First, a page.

Simply put, a symbol is something that represents something else (Short, 2011, p124). Short continues by explaining that a symbol does not resemble the concept it represents, instead the relationship between the two must be learnt.
When discussing symbols, it is important to note that symbolic interpretation can vary enormously. Will some symbols may seem to be universally understood, such as heart to mean love, many more will be interpreted differently depending on the viewer’s social, political and cultural experiences.
Symbols to represent concepts
This exercise asks that I find symbols to represent a number of concepts and consider how they might be used in a photograph. The concepts are: growth, excess, crime, silence and poverty.
Growth- Symbols could include:
- a small plant or seedling breaking through the earth, the colour green also has associations with nature, which is directly linked, to growth.
- a close-up shot of a flower bud
- a graph showing an upward trend, this could be used as a prop in a still life-arrangement or on wall in the background of an office environment.
- a heavily pregnant woman, if she was already pushing a pram this could show growth also in the size of her family.
- A child’s height being measured against a doorframe with the previous (smaller) height being visible.
- The construction of a high-rise building, particularly if its neighbours were low rise buildings.
Excess- Symbols could include:
- a plate piled high with food. Close up shot, including a hand holding a piece of cutlery to show scale.
- an overflowing recycle bin with empty beer and wine bottles.
- a bulging stomach over a waist band, focus only on torso area
- an overflowing suitcase, with someone sitting on it, attempting to force it closed.
- Money, arranging notes so that they overfill the frame.
- Luxury car, detail shot of the car logo.
- Jewellery, shot with a jewellery box. Arrange necklaces and pendants etc. so that they appear to be spilling out of the box.
Crime- Symbols could include:
- The stereotypical image of a burglar with a stripy jumper, eye mask and bag of swag.
- CCTV camera, close up shot
- Dark alleyway, shadowy figure, perhaps wearing a hoodie as in some areas of the UK they have been perceived as being associated with youths and anti-social behaviour.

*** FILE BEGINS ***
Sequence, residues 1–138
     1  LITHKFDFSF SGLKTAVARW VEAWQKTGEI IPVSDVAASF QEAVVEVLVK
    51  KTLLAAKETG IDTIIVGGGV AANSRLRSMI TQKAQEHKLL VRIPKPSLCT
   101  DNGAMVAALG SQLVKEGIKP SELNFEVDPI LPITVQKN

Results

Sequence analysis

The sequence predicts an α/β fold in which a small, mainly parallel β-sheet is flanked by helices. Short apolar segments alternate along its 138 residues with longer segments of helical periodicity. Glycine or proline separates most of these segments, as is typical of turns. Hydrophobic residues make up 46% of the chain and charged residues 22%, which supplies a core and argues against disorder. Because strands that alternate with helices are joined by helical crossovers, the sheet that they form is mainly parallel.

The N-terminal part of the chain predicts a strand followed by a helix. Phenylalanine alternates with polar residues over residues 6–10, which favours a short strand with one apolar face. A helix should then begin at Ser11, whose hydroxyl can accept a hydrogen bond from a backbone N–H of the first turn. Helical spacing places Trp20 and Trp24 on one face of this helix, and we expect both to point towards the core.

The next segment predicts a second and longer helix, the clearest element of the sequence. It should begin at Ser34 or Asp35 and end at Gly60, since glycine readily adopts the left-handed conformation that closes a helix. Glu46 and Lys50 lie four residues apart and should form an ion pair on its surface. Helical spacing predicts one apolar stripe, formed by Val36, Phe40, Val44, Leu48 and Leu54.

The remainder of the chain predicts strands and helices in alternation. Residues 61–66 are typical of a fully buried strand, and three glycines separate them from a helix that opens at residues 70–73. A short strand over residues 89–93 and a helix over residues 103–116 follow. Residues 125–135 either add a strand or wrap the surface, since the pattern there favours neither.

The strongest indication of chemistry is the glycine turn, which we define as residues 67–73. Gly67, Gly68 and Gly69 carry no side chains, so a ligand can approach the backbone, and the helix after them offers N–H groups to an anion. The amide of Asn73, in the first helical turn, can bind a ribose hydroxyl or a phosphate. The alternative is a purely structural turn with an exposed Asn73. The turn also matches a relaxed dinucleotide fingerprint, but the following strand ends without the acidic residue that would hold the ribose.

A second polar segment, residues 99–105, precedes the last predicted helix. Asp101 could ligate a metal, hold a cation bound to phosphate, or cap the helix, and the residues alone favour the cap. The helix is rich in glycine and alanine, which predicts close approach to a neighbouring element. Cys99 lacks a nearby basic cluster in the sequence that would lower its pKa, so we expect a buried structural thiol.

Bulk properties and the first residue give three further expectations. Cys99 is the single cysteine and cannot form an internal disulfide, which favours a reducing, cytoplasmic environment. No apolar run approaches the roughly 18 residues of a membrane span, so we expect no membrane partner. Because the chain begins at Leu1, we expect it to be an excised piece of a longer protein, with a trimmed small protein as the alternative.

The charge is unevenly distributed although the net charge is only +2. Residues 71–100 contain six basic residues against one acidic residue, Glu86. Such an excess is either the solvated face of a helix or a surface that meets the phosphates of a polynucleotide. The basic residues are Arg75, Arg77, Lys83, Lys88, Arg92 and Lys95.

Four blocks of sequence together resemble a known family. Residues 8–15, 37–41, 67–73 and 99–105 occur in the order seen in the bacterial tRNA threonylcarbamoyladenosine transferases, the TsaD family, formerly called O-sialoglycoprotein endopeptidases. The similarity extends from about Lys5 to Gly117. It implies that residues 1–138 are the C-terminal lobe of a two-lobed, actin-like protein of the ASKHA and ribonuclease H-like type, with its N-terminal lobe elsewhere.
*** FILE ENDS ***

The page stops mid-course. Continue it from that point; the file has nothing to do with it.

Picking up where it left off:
- Graffiti or vandalism. Could be in the background of a scene to convey idea of unsafe area.
- Yellow police crime scene tape around an area or building.
- Chalk outline of person on the ground as though a murder has taken place.
Silence- Symbols could include:
- Finger on lips, probably the most cliché symbols for silence. It seemingly arises from Mythology.
- Children studying. Heads bent down towards their desks and books.
- An ‘Exam in Progress’ sign, hung on a closed-door.
- Hands covering a mouth, as in one of the Three Wise Monkeys who speaks no evil.
- A landscape scene, showing no people or movement. Including a section of still, calm water would also reinforce the idea of silence.
- A cemetery, again showing no people or movement
- Monks praying together. Heads bowed.
- Someone sitting cross-legged in a yoga style pose with his or her eyes closed as though meditating.
Poverty- Symbols could include:
- An outstretched hand with palm face up, as though waiting to receive something. Could be shot with one hand to emphasis the empty palm of many hands in the frame to stress the scale of the need.
- Empty plate, held forward. This could be shot as above, with one plate or many plates.
- A street beggar. It could be shot sensitively by only including a ‘Please help’ sign and the receptacle for the donations.
- Queues for food at food banks or food kitchen. Could be shot from the back of the queue towards the source of food.
- Bare-foot child. Often seen in newspapers and in charity publications to raise awareness of the plight of many people suffering from the effects of famine, drought, war or natural disasters.
- Shantytowns. Photograph taken from a distance to illustrate the scale of town.
Although this has been a brief exercise it has given me a lot of scope for thought. I find myself looking more closely at photographs in advertisement to note how symbolism has been used whether through objects, colours, weather or even time of day.
However, Short (2011, p126) cautions that the appearance of a sign or a symbol in a photograph may not have been a predetermined or orchestrated consideration of the photographer. She explains that while set photography offers a photographer time and control, photojournalism and reportage do not and often photographers have to make on-the-spot decisions about what to include.
This seems to emphasise the fact that reading a photograph is very personal. Viewer’s interpretations could be very different from a photographer’s intention and can vary widely based on the their prior experiences and understanding.
Short, M. (2011) Context and Narrative. Lausanne: AVA